As shown in the graph, those companies that are in Denial and won’t take any action constitute 14% of the respondents. 22% would like to take action but don’t know how to or where to start. Another 32% will make some level of improvement, albeit Modest. And finally 32%, or 1/3, will make serious and extensive improvements to their Supply Chain.

Not to surprisingly there are companies in every state and condition. We certainly hoped that a global pandemic would shake everyone out their inertial state but that is not the case. We would also hope that more companies were going to make significant changes, but it is somewhat encouraging that 2/3 of our respondents will at least make some effort at improvement.

Interpreting the Results

In order to interpret each of the answers on Supply Chain progress we also felt that they should be measured and considered across several dimensions:

  • a. Leadership/Change Management
    • The level of true leadership, visioning, strategic thinking and change management experience and expertise in a company is reflected in how they respond to the situation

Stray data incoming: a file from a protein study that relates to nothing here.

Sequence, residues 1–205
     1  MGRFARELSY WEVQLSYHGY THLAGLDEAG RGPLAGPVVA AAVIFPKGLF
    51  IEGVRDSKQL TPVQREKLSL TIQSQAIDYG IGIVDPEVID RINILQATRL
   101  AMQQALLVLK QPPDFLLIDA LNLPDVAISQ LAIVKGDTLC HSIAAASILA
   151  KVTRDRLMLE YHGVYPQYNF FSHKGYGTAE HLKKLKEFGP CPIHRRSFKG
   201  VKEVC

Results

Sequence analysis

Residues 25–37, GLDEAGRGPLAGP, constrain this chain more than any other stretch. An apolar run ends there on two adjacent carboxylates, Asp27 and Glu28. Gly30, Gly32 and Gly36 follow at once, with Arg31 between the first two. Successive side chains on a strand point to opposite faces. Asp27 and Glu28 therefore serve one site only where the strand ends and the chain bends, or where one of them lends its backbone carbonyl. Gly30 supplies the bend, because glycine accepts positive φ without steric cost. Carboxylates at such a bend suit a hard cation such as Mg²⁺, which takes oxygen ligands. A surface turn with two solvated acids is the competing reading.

• b. Resources
    • The breadth and depth of existing resources, and the ability and willingness to invest in additional resources, is reflected in how the question is answered
  • c. Support/Sponsorship
    • The level of executive and cultural support and sponsorship for change, at which Supply Chain is at the epicentre, is reflected in how the question is answered
  • d. Pandemic Battle Scars/Survival Pressure
    • The depth and severity of the impact of a company on its operations and on its very survival, and the resultant motivation to mitigate these negative outcomes in the future, is reflected in how the question is answered
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1. In denial and won’t change
Supply Chain progress - denial

Companies that are in denial about the need to make any change, despite the unprecedented disruption caused by the pandemic, must be lacking in more than just motivation. This condition is likely present in companies of all sizes. For instance companies who use the just-in-time system clearly saw their Supply Chains falter, yet are too wedded to the concept to see the need to make any changes to it at all.

Companies in denial clearly lack leadership and don’t understand the importance of change management. Managers know just enough to keep things running but don’t know enough to make things better.

Perhaps these companies also lack the resources needed to make change, or at least that is what they would convey. Yet if you don’t find the resources to make the necessary changes then you will be certain the continue to use resources to deal with all the problems that come from not making changes.

These companies also lack in the support for, and sponsorship of, Supply Chain. Supply Chain is often viewed as an unimportant, yet necessary, function and is undervalued.